BIRMINGHAM, Ala. --
What are your responsibilities as an Air National Guard member when it comes to medical reporting?
Throughout my career in the Air Force, many Air Guard members frequently ask the same question. “What are my responsibilities, as a member, to provide medical information?” “When and how often?”
There are many aspects to those questions, for example, a change in medical status or a change in prescriptions. Also, the U.S. Air Force has changed some requirements, so be aware the changes could affect your career.
First and foremost as an ANG member, you are doing your unit and yourself an injustice by not reporting a change in medical status. Per Air Force Instruction 48-123, paragraph 10.4.2., “the member is responsible for promptly (within 72 hours) reporting an illness, injury, disease, operative procedure or hospitalization not previously reported to his or her commander or supervisor, and supporting medical facility personnel. IAW AFI 36-2910, any concealment (i.e. not reporting), or claim of disability made with the intent to defraud the government, could result in possible legal action and possible discharge from the ARC (Air Reserve Components).” Your commander could charge you under the Uniform Code of Military Justice or the Alabama Code of Military Justice if they want to pursue non-compliance. Documentation on any subsequent follow-ups and/or treatment for your condition should be provided to the 117th Medical Group to ensure you remain compliant with the AFI’s, your individual readiness, the safety of yourself, your fellow Airmen and the mission.
If you are taking a prescription, whether you’re a flyer or not, you could potentially put your fellow crew members at risk of injury or death by not letting our flight surgeons/physicians know of the change in your prescriptions.
1. For flyers, the 117 MDG, Aerospace Medicine, Flight Surgeons, must be involved to verify that what you are taking does not potentially jeopardize yourself, your crew, the aircraft and mission. This may result in being taken off of flight status for a short time. However, the long-term risks could be extremely high for not getting an evaluation by a doctor. If an accident were to occur and a safety board discovered that you’re on a non-approved prescription during their investigation, you could potentially be facing UCMJ charges.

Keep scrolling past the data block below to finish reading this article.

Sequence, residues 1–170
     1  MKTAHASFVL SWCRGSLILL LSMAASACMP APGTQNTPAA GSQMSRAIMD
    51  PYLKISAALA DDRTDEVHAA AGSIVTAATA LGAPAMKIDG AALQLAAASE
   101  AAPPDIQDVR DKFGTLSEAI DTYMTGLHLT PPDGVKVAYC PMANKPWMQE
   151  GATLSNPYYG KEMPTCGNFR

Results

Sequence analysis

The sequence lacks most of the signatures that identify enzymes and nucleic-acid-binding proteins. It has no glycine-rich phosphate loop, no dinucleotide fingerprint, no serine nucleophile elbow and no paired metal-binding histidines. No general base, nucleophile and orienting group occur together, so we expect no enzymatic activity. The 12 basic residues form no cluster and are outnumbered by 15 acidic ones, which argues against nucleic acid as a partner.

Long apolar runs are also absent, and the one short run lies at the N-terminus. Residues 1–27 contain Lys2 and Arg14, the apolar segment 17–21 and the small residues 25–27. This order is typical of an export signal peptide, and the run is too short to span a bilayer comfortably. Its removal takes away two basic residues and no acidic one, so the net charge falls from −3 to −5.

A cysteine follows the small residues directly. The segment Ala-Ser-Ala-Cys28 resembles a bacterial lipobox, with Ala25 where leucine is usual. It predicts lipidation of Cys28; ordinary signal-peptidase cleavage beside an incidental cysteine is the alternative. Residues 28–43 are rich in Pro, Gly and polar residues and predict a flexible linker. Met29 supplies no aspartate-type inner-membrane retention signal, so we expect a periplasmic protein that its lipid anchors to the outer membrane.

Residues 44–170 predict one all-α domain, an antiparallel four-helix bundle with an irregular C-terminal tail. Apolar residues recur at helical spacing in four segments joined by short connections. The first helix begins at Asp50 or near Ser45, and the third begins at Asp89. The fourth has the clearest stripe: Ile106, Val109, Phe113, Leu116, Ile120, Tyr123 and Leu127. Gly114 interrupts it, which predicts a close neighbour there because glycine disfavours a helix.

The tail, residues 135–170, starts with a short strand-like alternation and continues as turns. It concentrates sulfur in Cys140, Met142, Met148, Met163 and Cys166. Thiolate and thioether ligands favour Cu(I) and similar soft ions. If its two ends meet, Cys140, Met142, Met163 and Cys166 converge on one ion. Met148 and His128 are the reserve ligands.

2. Same goes for non-flyers. If a mishap were to occur and you are on an unreported substance, you too could be facing administrative consequences. The regulations require you to report a change in medical status/prescriptions to the MDG, so the doctors can apply, if needed, appropriate duty restrictions for your Air Force Specialty Code.
As another example, the MDG, per current AFI’s used to allow ANG members to provide prescriptions, after the fact, in the event of a positive drug screen. But, under new “pending” guidance, this will no longer be allowed. All prescriptions must be in your medical record, prior to the drug screen or you will be faced with answering directly to your commander on potential UCMJ violations and discharge.
As you can see, there are many responsibilities as an ANG member in respect to keeping your medical record up to date.